Raj Mohanty

Raj Mohanty

Office: SCI, Room 206. 617-353-9297
Lab: SCI, Room B73. 617-353-9452


Research Interests:

Fluid Dynamics with Ions and Proteins

Fluid dynamics on the micro and nano scale has emerged as a fascinating topic of multidisciplinary research that continues to provide new insights. In particular, fluid dynamics of an aqueous fluid containing ions and proteins is even more fascinating as it occurs in the presence of a number of different phenomena and different physics. Consider, for instance, a high-mass charged protein suspended in an ionic solution containing low-mass positive and negative (salt) ions near the surface of a nanowire channel. The problem is to determine the surface charge profile near the nanowire surface (within 1-3 nm) by detecting conductance or differential conductance change in the nanowire due to the proximity of the protein molecule. This seemingly innocuous problem contains fluid (hydro) dynamics, electrostatics (governed by the Poisson equation, Debye screening and dipolar separation), and electrodynamics (representing the binding and unbinding events, and manipulation of the protein or ions with frequency dependent electric fields). In addition, statistical mechanics plays an important role in governing many aspects of this process. The binding rate is temperature (kT) dependent, which is described by standard statistical mechanics. The protein molecule’s movement is diffusion-limited. Even the microfluidic noise due to moving ions (surrounding the nanowire surface) should be defined by transport equations. However, formal theory for this multi-physics problem is yet to be done. Even simulations are challenging as there are multiple scales in the problem, and finite-element approaches do not work for simultaneous solutions of multiple types of physics with varying scales and boundary conditions. The primary goal of my group is to better define the phenomenology by a series of comprehensive measurements with unprecedented sophistication.

Selected Publications:

“Autoassociative Memory and Pattern Recognition in Micromechanical Oscillator Network”, Ankit Kumar and Priitiraj Mohanty, Scientific Reports 7, 411 (2017)

“Optical wireless information transfer with nonlinear micromechanical resonators”,
Joseph A. Boales, Farrukh Mateen and Pritiraj Mohanty, Microsystems & Nanoengineering 3, 17026 (2017)

“Wireless actuation of micromechanical resonators” Farrukh Matteen, Carsten Maedler, Shyamsunder Erramilli and Pritiraj Mohanty, Microsystems and Nanoengineering 2, 16036 (2016)

“Dissipation in Nanoelectromechanical Systems (Review)”, Matthias Imboden and Pritiraj Mohanty, Physics Reports 534, 89 (2014)

“Sensing of the melanoma biomarker TROY using silicon nanowire field-effect transistors”, Carsten Maedler, Daniel Kim, Remco A. Spanjaard, Mi Hong, Shyamsunder Erramilli, Pritiraj Mohanty, ACS Sensors 1, 696 (2016)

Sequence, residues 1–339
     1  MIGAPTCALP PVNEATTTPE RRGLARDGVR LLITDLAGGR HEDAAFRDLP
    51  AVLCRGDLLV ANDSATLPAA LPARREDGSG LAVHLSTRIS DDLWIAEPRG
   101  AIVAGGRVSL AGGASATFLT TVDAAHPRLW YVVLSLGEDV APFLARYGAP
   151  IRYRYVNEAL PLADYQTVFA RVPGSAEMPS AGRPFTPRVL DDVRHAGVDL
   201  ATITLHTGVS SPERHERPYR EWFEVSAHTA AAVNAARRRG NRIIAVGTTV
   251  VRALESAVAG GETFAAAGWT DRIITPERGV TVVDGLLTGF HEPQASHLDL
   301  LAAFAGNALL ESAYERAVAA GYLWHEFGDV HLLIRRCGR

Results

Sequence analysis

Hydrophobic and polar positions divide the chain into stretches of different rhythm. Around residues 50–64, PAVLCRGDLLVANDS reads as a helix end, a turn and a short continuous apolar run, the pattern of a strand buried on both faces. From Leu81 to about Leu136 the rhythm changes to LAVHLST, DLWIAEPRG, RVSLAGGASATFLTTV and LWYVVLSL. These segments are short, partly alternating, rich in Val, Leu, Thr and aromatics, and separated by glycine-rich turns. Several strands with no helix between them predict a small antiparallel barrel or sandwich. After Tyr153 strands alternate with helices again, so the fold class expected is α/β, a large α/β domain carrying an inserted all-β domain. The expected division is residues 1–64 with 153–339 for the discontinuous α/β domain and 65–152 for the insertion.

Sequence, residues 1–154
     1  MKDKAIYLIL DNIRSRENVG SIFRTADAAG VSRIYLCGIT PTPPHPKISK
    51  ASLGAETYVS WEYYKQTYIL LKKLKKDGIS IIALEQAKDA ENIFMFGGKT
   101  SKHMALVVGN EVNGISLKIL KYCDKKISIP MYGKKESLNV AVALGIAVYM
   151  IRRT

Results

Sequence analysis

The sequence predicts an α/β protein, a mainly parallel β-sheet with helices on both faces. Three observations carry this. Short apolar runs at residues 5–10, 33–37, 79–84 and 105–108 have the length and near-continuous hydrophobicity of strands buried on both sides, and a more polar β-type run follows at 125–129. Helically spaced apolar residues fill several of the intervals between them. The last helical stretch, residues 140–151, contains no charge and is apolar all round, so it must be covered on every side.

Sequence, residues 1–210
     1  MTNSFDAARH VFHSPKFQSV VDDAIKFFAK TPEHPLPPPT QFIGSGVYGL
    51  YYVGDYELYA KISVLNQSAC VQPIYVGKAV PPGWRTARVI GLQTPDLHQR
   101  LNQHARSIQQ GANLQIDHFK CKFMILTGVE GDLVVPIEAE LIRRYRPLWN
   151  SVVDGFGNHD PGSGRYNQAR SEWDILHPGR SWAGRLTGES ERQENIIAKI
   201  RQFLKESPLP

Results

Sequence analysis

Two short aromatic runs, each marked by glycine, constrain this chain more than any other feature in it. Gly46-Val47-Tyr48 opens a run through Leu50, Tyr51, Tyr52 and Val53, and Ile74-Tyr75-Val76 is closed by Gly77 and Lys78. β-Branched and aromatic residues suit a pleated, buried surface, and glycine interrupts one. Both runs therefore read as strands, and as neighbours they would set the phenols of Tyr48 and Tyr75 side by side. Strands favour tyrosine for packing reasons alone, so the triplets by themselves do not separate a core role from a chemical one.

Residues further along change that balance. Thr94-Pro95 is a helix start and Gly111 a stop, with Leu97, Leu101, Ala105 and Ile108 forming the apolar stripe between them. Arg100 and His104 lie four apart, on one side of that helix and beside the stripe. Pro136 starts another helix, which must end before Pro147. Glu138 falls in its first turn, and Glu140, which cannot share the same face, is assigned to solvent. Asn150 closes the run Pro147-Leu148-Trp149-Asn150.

For a full list of publications, please see the attached CV.


In the news:


Research Descriptions:

Applications of Nanomechanical Devices: Wireless Communications and Sensors


Our research in this specific area focuses on the development of ultra-high-frequency (UHF) oscillators, filters and frequency-selective elements for eventual use as high-speed sensors and communication systems. Our systems are nanomechanical oscillators, and they vibrate at speeds exceeding 2 GHz—the highest mechanical frequency ever reported. Because of their mechanical construct and the small size, they will enable a host of future applications. Currently, we are exploring specific applications, which include nanomechanical memory elements for high-speed high-density data storage and gigahertz-range nanomechanical oscillators for use as frequency-selecting device in cellular phones.

Quantum Computing: Quantum Control of Coherence of the Electron Wave Function


This project involves the development of quantum control techniques to externally control coherence properties of electron wave functions, or to increase the coherence time of electron wave functions in sub-micron and nanoscale mesoscopic systems. The main thrust behind our approach is to develop enabling technologies for increasing the coherence time scales from the usual nanosecond range to microseconds or even milliseconds. The long-term direction is to perform picosecond time-domain reflectometry and a host of quantum control techniques (open-loop, closed-loop learning feedback and bang-bang).

Quantum Nanomechanics: Quantum Motion to Testing the Limit of Quantum Mechanics


Our current research efforts in this area involve the observation of quantized displacement, energy quantization and Rabi oscillations in macroscopic mechanical oscillators. We have already observed the first two phenomena. In the next few years, we will explore approaches to use these mechanical systems as quantum bits, particularly for quantum information processing. Furthermore, we are exploring foundations of quantum mechanics with these experiments, which involve the largest quantum systems ever realized in a laboratory.

Spintronics: Control of Spins with Nanomechanical Torque


Our current research efforts in this area involve a new proposal for spintronics: spin detection and control can be done mechanical torque. We have recently proposed a comprehensive technique to carry out a series of experiments for demonstrating spin current and spin transfer across a hybrid junction of nanowire, fabricated on top of a two-element suspended torsion oscillator with sub-micron features. The proposed plan of this 3-year project is to demonstrate spin detection and control. This project involves measurement of single-spin conductance and the value of Planck’s constant.